This is going to be a bit of a ramble through some of the unusual English words; words like disgruntled, where the opposite isn’t exactly gruntled. There are quite a few of them scattered through the English language, and I’m going to have a rummage into their origins, just a little, to try and find out why we say the opposite of ruthless is merciful not ruthful, for example.
Shall we begin with ruthless, then, meaning without pity or compassion? A character in Arthur Ransome’s book Swallows and Amazons wished to be called Nancy, instead of her given name of Ruth, ‘because Amazons are ruthless’. But the opposite, ruth, isn’t commonly heard. However, ruth in Middle English did indeed mean mercy or pity.
Disgruntled (meaning angry and dissatisfied) is another word like ruthless, where the opposite sounds odd to our ears. People sometimes use gruntled to be funny, meaning happy and satisfied, but it appears they may be mistaken. My information on disgruntled comes from a blog post I referenced a few weeks ago at http://www.worldwidewords.org/qa/qa-dis1.htm. But in a nutshell, the origin of the word is ‘grunt’. It’s been made into ‘gruntle’, using an old fashioned grammatical form for an action which is repeated, and was in use in this form in the 15th Century. The ‘dis’ on the front is an intensifier, making the word more so than without it. So it literally means ‘grunting around a lot’. Even more appropriate for some people than I thought!
Mistake, either ‘an error’ (noun), or ‘to make an error’ (verb), seems to be another one of those words, where the opposite isn’t ‘to take’, but ‘correct’, or ‘to correct’. But the original sense of the word was to literally mis-take; to take in error. This one’s probably from the Old Norse mistaka.
Another word among the list of mis-words in the dictionary (misspell, misrepresent, mistrust) which doesn’t behave as it should is, appropriately, mischief. Not the opposite of ‘chief’. Mischief has become milder and more humorous lately, but originally the meaning of mischief was literally ‘misfortune’. The Oxford dictionary explains: ”It came from Old French meschever ‘come to an unfortunate end’, based on chef ‘head’.”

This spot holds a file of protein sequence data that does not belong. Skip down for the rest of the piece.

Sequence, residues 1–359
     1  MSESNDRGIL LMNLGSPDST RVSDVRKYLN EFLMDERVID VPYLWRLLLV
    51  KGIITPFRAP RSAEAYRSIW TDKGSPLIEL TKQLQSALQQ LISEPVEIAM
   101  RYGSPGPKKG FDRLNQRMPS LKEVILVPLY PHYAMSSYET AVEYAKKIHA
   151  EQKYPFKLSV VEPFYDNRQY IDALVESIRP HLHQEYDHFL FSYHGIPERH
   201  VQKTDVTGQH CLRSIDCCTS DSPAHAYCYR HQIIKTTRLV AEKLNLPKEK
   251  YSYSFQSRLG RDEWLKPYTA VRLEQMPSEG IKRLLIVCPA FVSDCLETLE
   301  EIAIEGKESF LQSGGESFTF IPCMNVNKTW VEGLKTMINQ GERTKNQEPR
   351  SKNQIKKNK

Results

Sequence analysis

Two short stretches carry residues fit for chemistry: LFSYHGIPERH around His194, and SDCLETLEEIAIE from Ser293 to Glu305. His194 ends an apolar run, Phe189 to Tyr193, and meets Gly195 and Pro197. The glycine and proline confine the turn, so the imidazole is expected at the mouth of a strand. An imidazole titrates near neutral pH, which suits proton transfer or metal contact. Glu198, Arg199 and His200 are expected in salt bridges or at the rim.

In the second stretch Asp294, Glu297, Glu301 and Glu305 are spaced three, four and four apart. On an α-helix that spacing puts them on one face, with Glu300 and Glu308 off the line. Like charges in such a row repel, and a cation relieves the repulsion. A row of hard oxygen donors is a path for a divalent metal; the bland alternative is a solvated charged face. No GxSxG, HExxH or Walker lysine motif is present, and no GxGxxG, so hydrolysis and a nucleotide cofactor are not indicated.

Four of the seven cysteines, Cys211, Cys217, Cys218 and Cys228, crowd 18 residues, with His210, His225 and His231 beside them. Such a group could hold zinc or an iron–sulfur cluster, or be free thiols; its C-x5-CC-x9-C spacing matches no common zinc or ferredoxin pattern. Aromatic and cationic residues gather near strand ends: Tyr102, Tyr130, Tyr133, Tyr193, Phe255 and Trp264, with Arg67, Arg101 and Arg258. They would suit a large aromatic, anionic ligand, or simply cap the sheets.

Dis-words are usually about the negative or reverse of the word they’re derived from. Discordant, dissatisfied, disentangle for example. But there are bunches of words which don’t appear to follow this rule. Disaster, disgusting, dishevelled, as just a short list. So, from the top then:
Disaster comes from Latin and Italian roots, with astra / astro meaning star. So the Italian disastro (dis + astro) means ‘ill-starred’.
Disgusting is also Latin in origin, with dis meaning negative and gusto meaning taste. And via Italian disgusto and French desgout, we have something that doesn’t taste great, even though we don’t use gust to mean taste. However, ‘to do something with gusto’ means to have enthusiasm, or an appetite, for it, so we’ve not entirely lost the word’s roots in modern English after all!
Dishevelled, commonly applied to a person’s appearance, means scruffy, messed up, untidy. The original meaning, from the Old French deschevele, was ‘having the hair uncovered’, and the observant can maybe spot the French for hair, cheveux, in there too.
I suspect I will revisit this topic, as I’ve not even scratched the surface. There are un-words where we don’t use the un-un-word, -ful words which don’t have an opposite without the -ful, or even a -less. And ex-words where the opposite isn’t in-, as exclude and include. ‘Not exercising’ is ‘lazy’, not in-cercising, for instance!
Thanks for reading – see you again soon.